Packing up the classroom, a chore that teachers carry out at the end of the school year, can also be a time for reflection. Interestingly, Francis Bacon noted the importance of quiet time for intellectual growth. He wrote, “Silence is the sleep that nourishes wisdom.” This phrase is particularly relevant to our milieu. For example, being immersed in the silence of the classroom, sorting materials left from the past year, and not hurrying to prepare the next class (as is happening now) enables teachers to take stock of the year. Teachers select classroom tools that could be reused with little modification in the future. They might also ponder which curriculum parts and teaching methods would appear worth keeping, which ones need to be modified, and which ones do not merit redeployment.
Quiet reflection allows teachers to visualize new possibilities like how to redistribute the furniture to better reflect the style of teaching. Matching the height of shelves, boards, and desks to students’ needs is vital to maximize comfort and promote learning.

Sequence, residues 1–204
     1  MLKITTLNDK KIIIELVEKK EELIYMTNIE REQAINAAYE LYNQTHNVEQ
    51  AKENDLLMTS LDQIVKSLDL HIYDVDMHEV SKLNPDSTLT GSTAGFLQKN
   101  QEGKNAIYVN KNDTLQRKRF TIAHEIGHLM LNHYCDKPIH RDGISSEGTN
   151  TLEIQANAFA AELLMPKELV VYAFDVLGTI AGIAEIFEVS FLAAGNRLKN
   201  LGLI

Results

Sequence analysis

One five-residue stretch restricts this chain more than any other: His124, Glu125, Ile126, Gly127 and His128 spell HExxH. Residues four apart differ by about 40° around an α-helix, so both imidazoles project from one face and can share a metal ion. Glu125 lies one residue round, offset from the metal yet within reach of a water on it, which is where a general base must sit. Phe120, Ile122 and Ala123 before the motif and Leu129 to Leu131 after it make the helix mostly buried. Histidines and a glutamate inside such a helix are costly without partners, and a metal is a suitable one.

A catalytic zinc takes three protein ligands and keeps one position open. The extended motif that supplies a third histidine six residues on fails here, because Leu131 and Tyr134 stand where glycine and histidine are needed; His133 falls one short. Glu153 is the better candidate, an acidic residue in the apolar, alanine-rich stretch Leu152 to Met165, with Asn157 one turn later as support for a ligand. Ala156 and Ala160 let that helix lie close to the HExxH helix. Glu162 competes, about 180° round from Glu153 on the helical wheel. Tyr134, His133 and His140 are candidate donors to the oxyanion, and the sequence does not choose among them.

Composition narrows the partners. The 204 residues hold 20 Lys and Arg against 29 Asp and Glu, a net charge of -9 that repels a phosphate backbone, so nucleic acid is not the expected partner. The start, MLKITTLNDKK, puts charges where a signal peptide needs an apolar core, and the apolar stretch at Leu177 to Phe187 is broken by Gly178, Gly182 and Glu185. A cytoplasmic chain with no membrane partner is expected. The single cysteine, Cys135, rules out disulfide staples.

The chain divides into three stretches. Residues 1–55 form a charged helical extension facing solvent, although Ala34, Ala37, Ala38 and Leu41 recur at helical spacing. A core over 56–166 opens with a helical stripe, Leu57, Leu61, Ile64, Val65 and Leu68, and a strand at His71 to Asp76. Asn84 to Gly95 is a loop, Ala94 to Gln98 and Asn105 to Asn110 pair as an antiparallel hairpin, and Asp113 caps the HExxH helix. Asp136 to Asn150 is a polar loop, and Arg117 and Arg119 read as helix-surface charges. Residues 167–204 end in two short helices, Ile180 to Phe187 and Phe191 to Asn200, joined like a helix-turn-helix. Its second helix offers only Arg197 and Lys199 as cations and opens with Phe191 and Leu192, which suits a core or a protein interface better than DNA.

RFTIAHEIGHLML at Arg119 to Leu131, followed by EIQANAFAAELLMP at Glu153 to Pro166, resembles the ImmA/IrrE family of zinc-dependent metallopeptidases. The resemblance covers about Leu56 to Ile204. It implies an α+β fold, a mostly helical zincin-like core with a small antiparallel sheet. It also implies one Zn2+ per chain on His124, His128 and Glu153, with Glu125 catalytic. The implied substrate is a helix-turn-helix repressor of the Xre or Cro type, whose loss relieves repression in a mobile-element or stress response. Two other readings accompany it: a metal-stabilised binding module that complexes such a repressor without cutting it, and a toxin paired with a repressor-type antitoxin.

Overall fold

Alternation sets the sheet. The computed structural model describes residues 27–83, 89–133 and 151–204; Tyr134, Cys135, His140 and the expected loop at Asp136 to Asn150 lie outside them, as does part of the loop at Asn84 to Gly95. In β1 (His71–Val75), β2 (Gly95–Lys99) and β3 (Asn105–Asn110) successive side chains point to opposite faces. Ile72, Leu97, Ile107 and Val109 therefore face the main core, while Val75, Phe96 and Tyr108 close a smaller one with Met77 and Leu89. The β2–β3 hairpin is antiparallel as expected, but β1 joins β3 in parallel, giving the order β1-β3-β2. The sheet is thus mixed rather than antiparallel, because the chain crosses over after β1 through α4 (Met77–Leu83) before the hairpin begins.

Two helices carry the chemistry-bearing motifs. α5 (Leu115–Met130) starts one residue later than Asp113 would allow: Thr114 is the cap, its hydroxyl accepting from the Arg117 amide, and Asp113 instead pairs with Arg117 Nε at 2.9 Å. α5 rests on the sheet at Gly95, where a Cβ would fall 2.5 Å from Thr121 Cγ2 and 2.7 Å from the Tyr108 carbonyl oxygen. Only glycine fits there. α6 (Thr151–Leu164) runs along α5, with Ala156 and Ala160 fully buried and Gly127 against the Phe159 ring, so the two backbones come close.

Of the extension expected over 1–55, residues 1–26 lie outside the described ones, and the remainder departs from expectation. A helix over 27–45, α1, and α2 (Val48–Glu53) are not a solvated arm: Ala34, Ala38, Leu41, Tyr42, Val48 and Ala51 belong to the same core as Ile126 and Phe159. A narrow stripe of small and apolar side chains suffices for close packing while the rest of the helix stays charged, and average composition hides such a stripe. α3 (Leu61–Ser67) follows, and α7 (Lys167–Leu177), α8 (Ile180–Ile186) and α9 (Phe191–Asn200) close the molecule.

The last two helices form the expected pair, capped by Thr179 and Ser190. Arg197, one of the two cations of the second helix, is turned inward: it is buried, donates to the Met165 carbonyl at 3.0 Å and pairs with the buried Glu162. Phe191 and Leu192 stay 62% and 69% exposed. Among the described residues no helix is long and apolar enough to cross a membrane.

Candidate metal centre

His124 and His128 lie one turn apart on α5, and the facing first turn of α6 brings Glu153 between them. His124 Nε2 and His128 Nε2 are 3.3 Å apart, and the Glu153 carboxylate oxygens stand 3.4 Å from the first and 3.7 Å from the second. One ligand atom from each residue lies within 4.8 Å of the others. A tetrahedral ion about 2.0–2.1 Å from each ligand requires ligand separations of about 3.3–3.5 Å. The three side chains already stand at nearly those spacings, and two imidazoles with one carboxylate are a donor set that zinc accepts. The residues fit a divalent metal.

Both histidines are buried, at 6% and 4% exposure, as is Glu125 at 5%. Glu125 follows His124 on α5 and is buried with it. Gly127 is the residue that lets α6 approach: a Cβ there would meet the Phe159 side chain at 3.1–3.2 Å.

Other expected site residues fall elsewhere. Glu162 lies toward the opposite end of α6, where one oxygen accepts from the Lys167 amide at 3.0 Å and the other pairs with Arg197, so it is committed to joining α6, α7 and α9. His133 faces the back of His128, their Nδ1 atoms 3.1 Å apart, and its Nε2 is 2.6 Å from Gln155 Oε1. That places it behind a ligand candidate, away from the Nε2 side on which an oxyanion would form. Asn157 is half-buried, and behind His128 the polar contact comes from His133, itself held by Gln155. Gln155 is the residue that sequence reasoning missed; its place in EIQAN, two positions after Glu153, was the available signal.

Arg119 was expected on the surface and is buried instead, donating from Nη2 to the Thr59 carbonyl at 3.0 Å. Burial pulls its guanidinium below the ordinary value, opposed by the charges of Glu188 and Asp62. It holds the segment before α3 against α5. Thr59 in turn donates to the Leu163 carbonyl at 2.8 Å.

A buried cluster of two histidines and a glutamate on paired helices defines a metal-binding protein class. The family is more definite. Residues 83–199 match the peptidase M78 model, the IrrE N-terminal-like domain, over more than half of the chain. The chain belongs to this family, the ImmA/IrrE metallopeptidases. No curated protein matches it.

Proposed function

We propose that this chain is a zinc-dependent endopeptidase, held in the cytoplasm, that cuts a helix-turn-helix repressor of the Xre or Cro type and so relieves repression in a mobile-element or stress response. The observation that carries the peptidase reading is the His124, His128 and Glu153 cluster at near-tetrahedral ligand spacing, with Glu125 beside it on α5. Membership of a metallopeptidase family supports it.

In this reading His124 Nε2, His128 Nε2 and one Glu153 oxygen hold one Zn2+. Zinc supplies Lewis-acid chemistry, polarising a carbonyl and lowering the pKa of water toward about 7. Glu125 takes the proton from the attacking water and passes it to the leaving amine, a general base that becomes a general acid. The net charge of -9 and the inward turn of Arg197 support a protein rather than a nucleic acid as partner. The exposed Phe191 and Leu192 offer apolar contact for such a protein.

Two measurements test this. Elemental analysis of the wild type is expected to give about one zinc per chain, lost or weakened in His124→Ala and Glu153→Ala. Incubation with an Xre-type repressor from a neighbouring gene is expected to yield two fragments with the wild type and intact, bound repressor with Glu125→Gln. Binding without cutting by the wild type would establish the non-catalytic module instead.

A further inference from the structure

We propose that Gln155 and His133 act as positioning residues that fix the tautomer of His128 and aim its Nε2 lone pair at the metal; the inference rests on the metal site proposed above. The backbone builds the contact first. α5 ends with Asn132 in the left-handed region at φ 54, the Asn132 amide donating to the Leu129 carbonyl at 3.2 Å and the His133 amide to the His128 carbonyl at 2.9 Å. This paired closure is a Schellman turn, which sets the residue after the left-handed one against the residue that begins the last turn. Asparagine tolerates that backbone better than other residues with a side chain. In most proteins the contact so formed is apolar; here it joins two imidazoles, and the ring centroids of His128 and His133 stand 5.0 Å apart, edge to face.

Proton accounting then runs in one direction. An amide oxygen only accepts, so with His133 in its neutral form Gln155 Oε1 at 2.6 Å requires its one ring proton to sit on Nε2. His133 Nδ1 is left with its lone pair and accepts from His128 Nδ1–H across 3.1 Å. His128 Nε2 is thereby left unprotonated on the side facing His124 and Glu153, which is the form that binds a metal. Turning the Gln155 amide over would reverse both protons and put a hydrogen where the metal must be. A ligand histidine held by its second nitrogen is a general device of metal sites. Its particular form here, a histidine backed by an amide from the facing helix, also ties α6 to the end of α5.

The end of the year offers the possibility to entertain new teaching ideas, ready to be explored with the next group of students. Furthermore, an unoccupied classroom encourages teachers to look honestly at the successes and failures of the year gone by and consider partaking in new summer learning opportunities, like the ones offered by JTeach.
Shimon, [Gamliel’s] son, would say, “All my days I sat among the Sages and I have found nothing better for a person than silence.” (Pirkei Avot 1:17)
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Dr. Alicia Gejman